Might wanna call that.
Barring injury, Ohio State QB Braxton Miller is going to be a star in 2013.
Anyone knows that. Everyone knows that.
Ah, but identifying who the next stars are, the ones who will rise from relative obscurity to dominate the Big Ten? Therein lies the real challenge.
Just like Iowa RB Mark Weisman came out of absolutely nowhere to lead the Hawkeye rushing attack in 2012, here are five Big Ten names you should know right now, because you'll be hearing them over and over in 2013.
Jamal Marcus didn't see a lot of playing time this past season, but you can probably excuse him for that; he was a true freshman at a deep position, linebacker, and recorded eight tackles in limited minutes.
With Etienne Sabino departing, however, there's going to be some playing time available in 2013. So don't be surprised if Marcus grabs the starting bid and never lets go, because his talent level is sky high.
On national signing day last year, Urban Meyer called Marcus' highlight reel "borderline ridiculous," and he was right—Marcus' closing ability and raw athleticism are insane.
In August, Meyer said this, per ESPN: "There's a kid named Jamal Marcus, he doesn't know which way up is right now, but he knows from Point A to Point B, and he'll run over anything in his way to get to Point B. There's a good chance we'll find a way to get him on the field."
That was in 2012. In 2013, with a year of experience under his belt, Meyer may have trouble finding a way to get Marcus off the field.
Michigan State's receivers struggled mightily in 2012, and Aaron Burbridge was one of those receivers who had some rough weeks from time to time. When he was on, though, he flashed potential to be one of the top wideouts in the conference.
2013 may be when we see Burbridge shine.
Burbridge's 2012 totals were modest: 29 catches, 364 yards and two scores. But he was a go-to receiver at times, racking up eight catches for 134 yards as Michigan State came back against Indiana, and five grabs for 89 yards against Iowa the next week.
Burbridge has explosive agility and body control and arguably the best ability to get open of anyone on the team. His hands and consistency still need work, but he's got three more years of eligibility to work on that.
If he puts it together, we're talking about All-Big Ten status in 2013.
Ondre Pipkins is an absolute Goliath, weighing in at 340 pounds at his nose tackle spot. He spent his true freshman season last year backing up fellow behemoth William Campbell, but he still saw time in all 13 games and registered seven total tackles.
Campbell is off to the NFL now, meaning the time is now for Pipkins to take over at tackle and make his presence known. He's got otherworldly athleticism for someone his size, and with a full season of experience and conditioning under his belt, he should be poised to become the next dominant defensive lineman in the Big Ten.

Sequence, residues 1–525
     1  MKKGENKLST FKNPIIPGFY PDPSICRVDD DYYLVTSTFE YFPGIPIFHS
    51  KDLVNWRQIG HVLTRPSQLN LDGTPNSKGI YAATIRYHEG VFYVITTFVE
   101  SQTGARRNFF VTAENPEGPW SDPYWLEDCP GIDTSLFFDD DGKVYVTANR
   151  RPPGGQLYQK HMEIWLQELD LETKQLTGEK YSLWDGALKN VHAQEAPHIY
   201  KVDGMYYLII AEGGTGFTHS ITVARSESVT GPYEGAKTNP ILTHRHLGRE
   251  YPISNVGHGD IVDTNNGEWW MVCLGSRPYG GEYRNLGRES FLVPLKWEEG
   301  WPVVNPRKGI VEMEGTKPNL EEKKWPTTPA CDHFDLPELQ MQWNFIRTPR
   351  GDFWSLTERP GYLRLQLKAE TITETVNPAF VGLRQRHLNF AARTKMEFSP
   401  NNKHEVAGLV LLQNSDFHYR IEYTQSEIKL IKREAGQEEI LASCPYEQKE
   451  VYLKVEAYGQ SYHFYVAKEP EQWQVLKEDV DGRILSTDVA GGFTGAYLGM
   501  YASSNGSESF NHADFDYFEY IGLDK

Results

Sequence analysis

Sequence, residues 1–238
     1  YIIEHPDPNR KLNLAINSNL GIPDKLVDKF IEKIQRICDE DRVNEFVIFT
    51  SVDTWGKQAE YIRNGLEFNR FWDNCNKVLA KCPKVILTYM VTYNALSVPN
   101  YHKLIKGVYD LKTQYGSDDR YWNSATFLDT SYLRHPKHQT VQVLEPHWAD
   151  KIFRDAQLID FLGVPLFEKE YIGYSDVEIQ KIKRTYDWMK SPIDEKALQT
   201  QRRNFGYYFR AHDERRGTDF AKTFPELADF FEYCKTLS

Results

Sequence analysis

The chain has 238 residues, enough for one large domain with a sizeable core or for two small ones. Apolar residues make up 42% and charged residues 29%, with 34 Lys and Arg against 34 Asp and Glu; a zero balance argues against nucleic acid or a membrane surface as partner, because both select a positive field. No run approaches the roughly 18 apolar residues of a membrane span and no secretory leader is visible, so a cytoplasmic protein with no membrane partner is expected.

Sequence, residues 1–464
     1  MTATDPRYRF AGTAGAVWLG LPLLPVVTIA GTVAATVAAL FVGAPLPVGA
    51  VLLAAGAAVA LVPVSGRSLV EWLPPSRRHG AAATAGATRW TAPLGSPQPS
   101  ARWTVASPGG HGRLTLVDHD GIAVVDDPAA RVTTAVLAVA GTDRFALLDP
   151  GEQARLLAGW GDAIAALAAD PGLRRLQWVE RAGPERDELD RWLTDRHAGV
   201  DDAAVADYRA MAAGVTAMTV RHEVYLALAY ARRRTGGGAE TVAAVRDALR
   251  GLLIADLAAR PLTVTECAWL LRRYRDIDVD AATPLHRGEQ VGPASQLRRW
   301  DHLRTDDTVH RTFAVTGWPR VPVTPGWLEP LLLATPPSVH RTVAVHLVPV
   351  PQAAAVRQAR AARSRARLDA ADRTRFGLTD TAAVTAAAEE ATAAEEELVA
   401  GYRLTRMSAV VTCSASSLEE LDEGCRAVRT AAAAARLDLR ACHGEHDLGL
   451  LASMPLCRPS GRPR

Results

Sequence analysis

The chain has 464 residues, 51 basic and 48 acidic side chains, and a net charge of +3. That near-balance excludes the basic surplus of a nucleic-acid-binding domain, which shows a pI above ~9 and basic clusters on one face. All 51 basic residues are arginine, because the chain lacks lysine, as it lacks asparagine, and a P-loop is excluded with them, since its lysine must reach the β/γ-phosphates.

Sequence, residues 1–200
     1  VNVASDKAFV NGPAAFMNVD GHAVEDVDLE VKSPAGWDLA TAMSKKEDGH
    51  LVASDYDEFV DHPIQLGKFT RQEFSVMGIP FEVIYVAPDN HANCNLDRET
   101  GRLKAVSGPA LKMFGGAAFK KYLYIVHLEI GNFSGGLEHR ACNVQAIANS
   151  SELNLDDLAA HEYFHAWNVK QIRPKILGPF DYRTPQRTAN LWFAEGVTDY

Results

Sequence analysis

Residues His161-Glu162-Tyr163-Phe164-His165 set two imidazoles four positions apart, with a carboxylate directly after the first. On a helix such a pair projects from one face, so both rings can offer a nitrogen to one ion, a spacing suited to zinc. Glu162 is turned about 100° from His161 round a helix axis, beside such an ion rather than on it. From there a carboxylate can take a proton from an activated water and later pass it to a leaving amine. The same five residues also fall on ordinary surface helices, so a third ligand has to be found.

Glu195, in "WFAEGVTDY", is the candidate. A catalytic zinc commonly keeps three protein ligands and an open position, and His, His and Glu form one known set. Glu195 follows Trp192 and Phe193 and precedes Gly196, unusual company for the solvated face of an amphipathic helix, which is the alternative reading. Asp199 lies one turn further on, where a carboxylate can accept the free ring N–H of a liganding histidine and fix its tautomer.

Imani Cross was fifth on the Nebraska Cornhuskers in rushing yardage in 2012. That will not happen again in 2013.
The Huskers' stud running back worked his way into a crowded backfield from day one in his true freshman season, and with the departure of Rex Burkhead, Nebraska is going to need a hammer at running back. Cross, who is as physically impressive as any tailback in the entire Big Ten, could well be that guy.
Cross found a bit of a niche role as a short-yardage back for the Huskers, and the seven touchdowns he scored last year (five in Big Ten play) speak to his goal-line abilities. He's got the ability to be an every-down back, though, and with current starter-in-waiting Ameer Abdullah still suffering from a horrendous case of fumble-itis, Bo Pelini could well decide it's Cross' turn to carry the rock 20 times a game in 2013.
It would be a wise decision—and one that ends in Cross easily topping 1,000 yards and 10 TDs on the year. Look out for this guy; he's legit.
It seems a bit unfair to single out DT Adolphus Washington and not hail fellow 2012 5-star true freshman DE Noah Spence as a breakout star in the making, but it would be equally unfair to cite Spence and not mention Washington.
At the very least, Spence lived up to the billing a little bit more last season and was a little higher on the radar, so a mammoth 2013 for him won't be so much of a "breakout."
Washington, on the other hand, was recruited as a 230-pound DE. By the start of the season, seven months after national signing day, he was nearly 290 pounds and playing inside. And the added weight was not bad weight.
As a result, Washington's got a defensive tackle's size and strength and a rush end's burst off the line. Ohio State can get situational with his alignment, moving him to the end spot in short-yardage situations to get the line bigger, and he's still enough of a disruptor in passing situations (nine tackles in 2012; three sacks) that opposing lines aren't going to be able to focus on securing the edges in pass protection.
Washington's likely to start in 2013, as the Buckeye defensive line suffered an exodus of its starting four. If he made even modest gains in skill over the offseason, he's going to be a force to be reckoned with this year.